Life Span: Perennial
medium-sized tree with an irregular form, averaging 45 feet in height
and about 24 inches in diameter. The crown is very dense, broad,
and rounded, usually extending from the ground up. It flowers March
to May and reproduces from seed and root sprouting.
flowers appear in dense clusters with the leaves in early spring.
They are small, ¼ inch in diameter. The male and female flowers
are separate. The male flowers are on slender stalks in loose clusters.
The female flowers are arranged along a separate stem.
Fruits are paired samaras hanging in clusters. Each seed pair is
about 1 ½ inches long. They hang in long chains on slender
stalks, mature in autumn, and remain on the tree well into the winter.
in opposite pairs; about 6 inches long, each divided into 3 to 7
leaflets that are along the central leaf stalk. Boxelder is the
only member of the maple family that has divided leaves. Each leaftlet
is coarsely toothed to lobed and about 3 inches long. The leaf color
is dull green through the summer, turning yellow as they drop in
the fall. Buds are nearly ¼ inch long and hairy.
light green to purplish brown, usually with velvety white hairs,
but sometimes hairless. Trunk bark is yellow brown to light gray
and smooth, furrowed with narrow ridges, becoming darker with age.
Scars left by winter buds encircle the twigs, meeting in raised
points on opposite sides of the twigs. Buds are white hairy with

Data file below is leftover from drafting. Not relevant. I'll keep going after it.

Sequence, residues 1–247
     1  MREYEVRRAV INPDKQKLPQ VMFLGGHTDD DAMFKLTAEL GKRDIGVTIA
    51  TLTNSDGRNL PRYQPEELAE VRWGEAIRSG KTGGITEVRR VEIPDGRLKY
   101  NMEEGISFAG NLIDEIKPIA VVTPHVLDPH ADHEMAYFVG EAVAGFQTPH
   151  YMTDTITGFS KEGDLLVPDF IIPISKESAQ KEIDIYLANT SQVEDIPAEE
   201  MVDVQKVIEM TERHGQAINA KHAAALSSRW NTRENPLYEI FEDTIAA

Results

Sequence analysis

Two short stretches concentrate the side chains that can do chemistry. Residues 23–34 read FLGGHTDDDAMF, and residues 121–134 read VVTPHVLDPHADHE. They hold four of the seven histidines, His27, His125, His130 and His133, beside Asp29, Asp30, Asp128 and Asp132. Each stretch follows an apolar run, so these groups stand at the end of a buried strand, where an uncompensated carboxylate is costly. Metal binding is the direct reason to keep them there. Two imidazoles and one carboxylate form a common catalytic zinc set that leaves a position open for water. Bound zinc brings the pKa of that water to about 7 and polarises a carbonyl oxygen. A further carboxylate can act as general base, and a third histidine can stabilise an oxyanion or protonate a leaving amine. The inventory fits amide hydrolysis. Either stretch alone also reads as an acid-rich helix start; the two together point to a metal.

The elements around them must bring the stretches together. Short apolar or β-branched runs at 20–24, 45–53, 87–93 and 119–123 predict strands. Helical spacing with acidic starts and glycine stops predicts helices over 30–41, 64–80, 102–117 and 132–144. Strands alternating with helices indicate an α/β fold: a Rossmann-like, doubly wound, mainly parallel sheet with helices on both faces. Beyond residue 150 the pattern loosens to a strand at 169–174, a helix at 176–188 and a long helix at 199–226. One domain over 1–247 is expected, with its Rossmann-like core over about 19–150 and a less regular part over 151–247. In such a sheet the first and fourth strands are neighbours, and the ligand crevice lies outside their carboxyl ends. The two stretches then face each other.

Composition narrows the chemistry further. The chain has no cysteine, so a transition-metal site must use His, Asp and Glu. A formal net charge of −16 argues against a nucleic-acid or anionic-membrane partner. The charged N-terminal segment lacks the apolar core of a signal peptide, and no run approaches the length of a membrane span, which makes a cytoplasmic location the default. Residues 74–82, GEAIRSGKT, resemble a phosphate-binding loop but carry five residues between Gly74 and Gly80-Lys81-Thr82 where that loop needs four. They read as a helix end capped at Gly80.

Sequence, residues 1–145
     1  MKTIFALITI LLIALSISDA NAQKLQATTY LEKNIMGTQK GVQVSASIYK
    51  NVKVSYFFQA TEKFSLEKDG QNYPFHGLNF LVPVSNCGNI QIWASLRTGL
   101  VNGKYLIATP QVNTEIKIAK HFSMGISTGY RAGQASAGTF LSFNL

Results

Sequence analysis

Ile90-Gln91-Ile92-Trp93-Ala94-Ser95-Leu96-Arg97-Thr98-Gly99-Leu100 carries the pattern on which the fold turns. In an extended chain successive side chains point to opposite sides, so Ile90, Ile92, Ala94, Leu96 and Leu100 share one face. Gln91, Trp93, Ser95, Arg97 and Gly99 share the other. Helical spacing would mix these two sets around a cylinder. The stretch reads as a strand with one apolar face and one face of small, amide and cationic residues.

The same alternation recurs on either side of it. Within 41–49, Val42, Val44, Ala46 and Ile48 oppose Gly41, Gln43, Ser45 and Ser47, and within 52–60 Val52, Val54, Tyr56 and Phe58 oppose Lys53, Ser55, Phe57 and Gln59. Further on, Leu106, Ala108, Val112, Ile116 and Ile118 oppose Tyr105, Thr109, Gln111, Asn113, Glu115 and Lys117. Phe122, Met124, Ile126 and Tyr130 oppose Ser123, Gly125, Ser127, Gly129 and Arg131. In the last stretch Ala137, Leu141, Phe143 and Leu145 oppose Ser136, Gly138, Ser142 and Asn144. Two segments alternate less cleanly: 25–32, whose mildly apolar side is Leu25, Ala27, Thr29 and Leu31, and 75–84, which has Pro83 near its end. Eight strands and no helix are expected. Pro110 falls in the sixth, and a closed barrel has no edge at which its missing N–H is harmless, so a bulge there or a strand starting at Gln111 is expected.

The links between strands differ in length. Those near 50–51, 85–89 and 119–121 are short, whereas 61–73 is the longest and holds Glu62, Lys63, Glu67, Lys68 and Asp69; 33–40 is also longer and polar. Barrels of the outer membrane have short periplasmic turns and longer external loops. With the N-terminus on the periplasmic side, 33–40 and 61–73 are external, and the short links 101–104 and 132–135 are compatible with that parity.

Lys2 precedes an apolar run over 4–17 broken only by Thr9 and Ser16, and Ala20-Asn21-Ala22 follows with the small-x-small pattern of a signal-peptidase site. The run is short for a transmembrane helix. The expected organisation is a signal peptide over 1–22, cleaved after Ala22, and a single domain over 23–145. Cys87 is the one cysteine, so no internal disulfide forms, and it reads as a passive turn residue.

form of boxelder found in Utah is a variety of the species that
is widely distributed throughout the United States. Boxelder is
common on moist sites along lakes and streams, on floodplains, and
in low-lying wet places where its shallow root system can find abundant
moisture. It is found mostly between 4,000 and 8,000-foot elevations.
It is drought tolerant once established, and can also withstand
short periods of flooding.
can tolerate a wide variety of soils, but shows a strong preference
for well-drained, moist soils, usually with a medium to rocky texture.
narrowleaf cottonwood, aspen, chokecherry.
provides ground cover, streambank protection, and shade for livestock
and recreation areas in lower portions of Utah canyons.
Boxelder is a rapidly growing tree, resulting in weak and brittle
wood at maturity. The wood has been used as a source of fuel, and
small amounts may have been used for poles and rough lumber. In
other parts of the country, wood of this species is utilized in
the furniture industry where low quality wood is adequate.
Boxelder is easily injured by heart rot, fire, and insects. It is
often infested with boxelder bugs, which feed on the tree, but rarely
The burls and knots on the lower trunk are fine grained, and were
used by Native Americans for bowls, dishes, pipestems, and drums.
The inner bark was boiled into a tea that was used as an emetic.